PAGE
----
TENS stands for Transcutaneous Electrical Nerve Stimulation. It is a method of pain relief.
In TENS therapy, electrodes are placed on the skin, either directly over the painful area or more commonly, at key points along the nerve pathway. A small, battery-powered generator emits a milli-amp (one thousandth of an ampere) of electricity through lead wires to the electrodes.
How TENS relieves pain is debated. The sensation produced by the electrical stimulation appears to “override” the pain messages and may stimulate the body to produce its own natural morphine-like substance, which minimizes pain.
In the past two decades, TENS has been used for a wide variety of complaints. TENS has been applied to almost every type of pain, from mildly persistent problems (such as sore muscles) to acute postoperative pain and even in the pain of childbirth. The most common reason for prescribing TENS is for chronic low-back pain.
Whether the electric current squelches pain messages, causes the body to produce pain relieving chemicals of its own, or if TENS merely has a placebo effect, it relieves pain for a number of people who try it.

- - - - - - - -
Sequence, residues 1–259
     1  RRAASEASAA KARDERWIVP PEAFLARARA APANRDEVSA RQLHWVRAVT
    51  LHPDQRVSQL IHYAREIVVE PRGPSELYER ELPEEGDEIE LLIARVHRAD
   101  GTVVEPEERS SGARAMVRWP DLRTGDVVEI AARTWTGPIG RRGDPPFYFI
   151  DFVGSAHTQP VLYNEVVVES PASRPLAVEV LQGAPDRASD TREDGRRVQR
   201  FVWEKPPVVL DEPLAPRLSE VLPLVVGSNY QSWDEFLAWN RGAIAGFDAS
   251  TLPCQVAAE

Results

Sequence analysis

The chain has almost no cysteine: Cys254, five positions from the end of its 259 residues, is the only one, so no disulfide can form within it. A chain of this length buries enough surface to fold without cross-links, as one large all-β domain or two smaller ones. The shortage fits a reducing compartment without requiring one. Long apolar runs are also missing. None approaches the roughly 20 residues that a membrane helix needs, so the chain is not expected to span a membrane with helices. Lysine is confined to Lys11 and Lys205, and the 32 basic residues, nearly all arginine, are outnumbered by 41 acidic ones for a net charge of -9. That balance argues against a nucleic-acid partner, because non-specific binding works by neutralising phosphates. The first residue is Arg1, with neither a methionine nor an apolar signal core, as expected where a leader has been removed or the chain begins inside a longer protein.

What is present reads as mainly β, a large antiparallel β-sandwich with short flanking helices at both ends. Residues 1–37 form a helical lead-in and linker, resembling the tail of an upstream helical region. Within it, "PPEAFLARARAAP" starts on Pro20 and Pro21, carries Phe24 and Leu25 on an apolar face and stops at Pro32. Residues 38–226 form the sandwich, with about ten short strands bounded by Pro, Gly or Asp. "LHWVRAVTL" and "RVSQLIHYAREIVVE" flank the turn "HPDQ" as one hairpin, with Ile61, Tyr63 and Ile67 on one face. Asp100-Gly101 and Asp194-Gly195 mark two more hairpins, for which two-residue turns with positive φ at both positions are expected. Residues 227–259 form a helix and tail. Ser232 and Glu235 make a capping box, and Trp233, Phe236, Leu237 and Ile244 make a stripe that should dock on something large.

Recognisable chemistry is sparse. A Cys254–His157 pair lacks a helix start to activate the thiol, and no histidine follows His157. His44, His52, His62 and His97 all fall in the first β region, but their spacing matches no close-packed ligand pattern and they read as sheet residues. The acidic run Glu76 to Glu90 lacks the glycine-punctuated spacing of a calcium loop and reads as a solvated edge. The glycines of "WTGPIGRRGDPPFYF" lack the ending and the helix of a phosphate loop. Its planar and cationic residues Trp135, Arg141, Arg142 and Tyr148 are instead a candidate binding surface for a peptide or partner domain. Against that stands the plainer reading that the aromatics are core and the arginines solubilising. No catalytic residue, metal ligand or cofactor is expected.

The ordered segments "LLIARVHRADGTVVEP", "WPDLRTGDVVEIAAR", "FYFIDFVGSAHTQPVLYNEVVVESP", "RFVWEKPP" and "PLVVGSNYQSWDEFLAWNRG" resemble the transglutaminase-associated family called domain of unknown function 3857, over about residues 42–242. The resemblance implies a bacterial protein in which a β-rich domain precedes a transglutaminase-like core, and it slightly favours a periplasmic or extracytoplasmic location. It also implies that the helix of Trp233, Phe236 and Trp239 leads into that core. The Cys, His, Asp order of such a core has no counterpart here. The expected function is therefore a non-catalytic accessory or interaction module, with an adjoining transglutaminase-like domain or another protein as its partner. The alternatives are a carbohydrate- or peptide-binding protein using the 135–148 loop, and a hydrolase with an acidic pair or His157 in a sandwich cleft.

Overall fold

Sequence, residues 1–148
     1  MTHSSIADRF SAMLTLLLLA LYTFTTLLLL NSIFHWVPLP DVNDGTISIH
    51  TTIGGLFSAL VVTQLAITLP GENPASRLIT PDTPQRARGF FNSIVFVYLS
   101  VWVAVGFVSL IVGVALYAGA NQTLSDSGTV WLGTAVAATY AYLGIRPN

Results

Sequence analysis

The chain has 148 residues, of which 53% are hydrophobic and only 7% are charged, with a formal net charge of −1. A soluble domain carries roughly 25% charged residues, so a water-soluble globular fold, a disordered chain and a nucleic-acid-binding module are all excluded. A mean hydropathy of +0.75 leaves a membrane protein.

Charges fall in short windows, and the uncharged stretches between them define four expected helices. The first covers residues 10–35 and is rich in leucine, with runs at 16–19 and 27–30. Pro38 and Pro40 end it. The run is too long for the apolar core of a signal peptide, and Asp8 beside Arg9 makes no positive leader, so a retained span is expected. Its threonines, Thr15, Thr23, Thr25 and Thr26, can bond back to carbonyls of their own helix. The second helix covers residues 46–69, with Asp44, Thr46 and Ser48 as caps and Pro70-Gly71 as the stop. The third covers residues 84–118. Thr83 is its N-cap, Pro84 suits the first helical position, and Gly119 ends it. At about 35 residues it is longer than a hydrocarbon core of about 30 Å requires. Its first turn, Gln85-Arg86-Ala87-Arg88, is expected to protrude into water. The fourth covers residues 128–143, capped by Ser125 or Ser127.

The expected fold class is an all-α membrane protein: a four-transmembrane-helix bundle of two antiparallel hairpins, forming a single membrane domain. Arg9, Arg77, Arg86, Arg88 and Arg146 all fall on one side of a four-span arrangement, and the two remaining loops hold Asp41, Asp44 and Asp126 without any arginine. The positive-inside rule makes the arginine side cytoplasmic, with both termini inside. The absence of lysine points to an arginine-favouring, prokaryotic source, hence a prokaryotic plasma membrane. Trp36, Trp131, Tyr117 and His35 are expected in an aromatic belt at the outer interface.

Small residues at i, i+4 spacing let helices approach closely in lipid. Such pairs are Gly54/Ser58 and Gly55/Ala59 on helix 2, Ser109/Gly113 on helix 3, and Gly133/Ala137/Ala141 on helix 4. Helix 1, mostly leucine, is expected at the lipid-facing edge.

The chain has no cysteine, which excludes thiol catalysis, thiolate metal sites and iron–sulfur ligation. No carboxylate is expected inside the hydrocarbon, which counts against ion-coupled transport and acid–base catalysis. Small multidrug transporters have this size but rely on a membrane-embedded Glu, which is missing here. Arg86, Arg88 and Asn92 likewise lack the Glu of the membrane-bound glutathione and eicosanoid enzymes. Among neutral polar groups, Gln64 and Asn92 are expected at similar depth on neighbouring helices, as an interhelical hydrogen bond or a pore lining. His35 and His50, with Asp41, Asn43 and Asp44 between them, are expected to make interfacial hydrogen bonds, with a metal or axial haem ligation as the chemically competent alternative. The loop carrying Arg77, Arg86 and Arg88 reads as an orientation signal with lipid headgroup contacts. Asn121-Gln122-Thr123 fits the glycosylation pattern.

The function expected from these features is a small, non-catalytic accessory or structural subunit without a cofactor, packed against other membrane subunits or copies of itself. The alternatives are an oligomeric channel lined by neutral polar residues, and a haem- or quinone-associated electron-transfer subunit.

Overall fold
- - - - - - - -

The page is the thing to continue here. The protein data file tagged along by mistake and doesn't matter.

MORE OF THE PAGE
One of the most compelling reasons for prescribing TENS for pain relief is that this therapy has few side effects. TENS is non-addictive, causes no drowsiness, and can be used indefinitely without the problems associated with prolonged drug use. The most common side effect reported has been skin irritation at the site of the electrode, due to either a sensitivity to the gels and adhesives used, or from burns, caused by extended stimulation. TENS may also cause anxiety and should be used with caution by cardiac pacemaker recipients.
For the geriatric patient, TENS is especially appealing. Older people often have more adverse reactions to medications and nerve blocks. Rehabilitation therapy can be difficult for them, and if they have degenerative diseases (such as arthritis) physical therapy may be even more dangerous.
Does this work on larger, generalized painful areas?
How long does the relief last after stimulation?
How are the tiny needles inserted?
Are there any special-care instructions for the needle site?
What is the cost?